The big-serving 32-year-old has endured his fair share of misery in Masters 1000 finals, however he refused to let his fourth bid for glory end in another hard-luck story.
Isner became the first non-European to triumph at Crandon Park since Andy Roddick in 2010 after a spirited 6-7(5) 6-4 6-4 success over Alexander Zverev.
It’s the biggest win of his 11-year career, and he capitalised on a golden opportunity to win a much-craved second tier title.
He could have prevailed more convincingly than he did – converting just two of 12 break-points chances – but the tension and uncertainty only added to his eventual satisfaction.
Isner could barely contain his excitement after firing down his 18th ace on his first match-point – and he revelled in the adulation from the appreciative crowd. His victory will see him climb back inside the Top 10 on Monday.
“To win like that in front of a crowd like that, with that atmosphere, you can't replicate moments like that,” said the new champion. “It was absolutely amazing.
“This tournament has so much history. All the best players have played here thought the years. For Sascha and I to share the court in the last men's singles match ever here at this tournament is amazing. I never thought I would be in this moment considering how I was playing coming into this event.”
Zevrev’s quest for a third Masters crown, 19 days prior to his 21st birthday, ultimately ended in disappointment, but he will be encouraged by his performances and results in the Sunshine State after a stuttering start to the campaign.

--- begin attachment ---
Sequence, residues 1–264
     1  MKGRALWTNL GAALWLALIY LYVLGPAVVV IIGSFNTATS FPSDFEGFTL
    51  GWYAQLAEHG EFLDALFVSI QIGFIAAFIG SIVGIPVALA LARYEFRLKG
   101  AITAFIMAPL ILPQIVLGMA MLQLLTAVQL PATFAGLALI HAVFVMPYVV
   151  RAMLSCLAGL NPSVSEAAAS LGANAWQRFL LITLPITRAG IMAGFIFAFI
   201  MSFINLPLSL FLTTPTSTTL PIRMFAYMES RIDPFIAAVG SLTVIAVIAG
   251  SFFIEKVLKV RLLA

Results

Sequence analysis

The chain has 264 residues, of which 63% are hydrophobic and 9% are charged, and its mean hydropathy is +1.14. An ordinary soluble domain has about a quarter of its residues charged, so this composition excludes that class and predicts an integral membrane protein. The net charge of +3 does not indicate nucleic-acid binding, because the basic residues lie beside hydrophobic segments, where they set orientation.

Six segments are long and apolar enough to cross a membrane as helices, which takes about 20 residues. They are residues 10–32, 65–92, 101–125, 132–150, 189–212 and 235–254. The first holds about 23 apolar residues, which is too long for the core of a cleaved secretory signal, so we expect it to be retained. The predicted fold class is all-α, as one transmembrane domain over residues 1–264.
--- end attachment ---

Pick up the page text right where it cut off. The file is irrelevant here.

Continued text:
In soaring temperatures, it was Isner who made the brighter opening. He swung freely and performed on instinct, however he failed to turn his superiority into something tangible on the scoreboard.
The American was repeatedly denied as he attempted to nudge ahead, and a tiebreak was eventually reached. At 4-4 in the shootout, Isner committed a double-fault to gift his rival the lead and eventually the set.
Zverev exploded with joy after sealing the opener and another milestone win was within his grasp. The second set was less frantic, though, as both players held serve without too much difficult.
With the checkered flag in sight, Zverev faltered. At 4-4 on the German's serve, Isner clubbed a trademark inside-out forehand winner, which caught a tiny portion of the line, to nab the first break of an absorbing duel.
There was a rare outpouring of emotion from Isner as he celebrated a pivotal breakthrough, but he still had to endure a torturous service game – filled with scintillating rallies – before squaring the tie.
The unrelenting heat took it’s toll on both players in the decider, and Isner did not make his domination count until the ninth game. Zverev slammed a weary-looking forehand into the net to fall a break behind before obliterating his racket in disgust.
Isner brought the curtain down on the Miami Open with a flurry of winners, and he was soon holding aloft the trophy he had worked tirelessly to earn.